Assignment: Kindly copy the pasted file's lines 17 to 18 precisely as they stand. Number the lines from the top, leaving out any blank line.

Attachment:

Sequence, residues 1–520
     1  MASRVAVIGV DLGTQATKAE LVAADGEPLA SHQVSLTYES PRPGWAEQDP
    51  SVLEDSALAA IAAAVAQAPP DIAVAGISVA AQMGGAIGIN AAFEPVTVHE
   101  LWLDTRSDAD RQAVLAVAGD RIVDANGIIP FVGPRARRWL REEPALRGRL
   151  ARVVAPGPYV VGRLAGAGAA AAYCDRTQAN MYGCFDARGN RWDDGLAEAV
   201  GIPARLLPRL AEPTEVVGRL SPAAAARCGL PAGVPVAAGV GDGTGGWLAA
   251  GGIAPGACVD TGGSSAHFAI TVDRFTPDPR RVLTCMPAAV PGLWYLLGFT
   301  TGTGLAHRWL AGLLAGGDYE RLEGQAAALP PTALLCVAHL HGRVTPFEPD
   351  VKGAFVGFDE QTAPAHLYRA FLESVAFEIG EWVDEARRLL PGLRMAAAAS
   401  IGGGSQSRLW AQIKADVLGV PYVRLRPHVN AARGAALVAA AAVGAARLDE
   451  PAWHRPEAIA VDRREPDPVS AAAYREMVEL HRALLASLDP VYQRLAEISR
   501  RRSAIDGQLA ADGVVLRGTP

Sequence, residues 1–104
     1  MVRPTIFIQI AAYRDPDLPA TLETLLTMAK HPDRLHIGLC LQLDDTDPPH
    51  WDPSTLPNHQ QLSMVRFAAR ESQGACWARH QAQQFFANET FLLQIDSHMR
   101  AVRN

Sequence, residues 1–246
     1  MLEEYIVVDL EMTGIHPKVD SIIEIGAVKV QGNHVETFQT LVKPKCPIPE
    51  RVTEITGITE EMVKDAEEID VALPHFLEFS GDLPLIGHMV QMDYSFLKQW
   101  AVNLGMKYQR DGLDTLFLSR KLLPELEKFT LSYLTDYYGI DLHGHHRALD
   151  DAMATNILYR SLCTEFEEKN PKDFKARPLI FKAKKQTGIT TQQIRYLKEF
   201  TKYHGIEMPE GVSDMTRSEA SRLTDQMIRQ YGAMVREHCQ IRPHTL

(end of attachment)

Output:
Sequence, residues 1–246
     1  MLEEYIVVDL EMTGIHPKVD SIIEIGAVKV QGNHVETFQT LVKPKCPIPE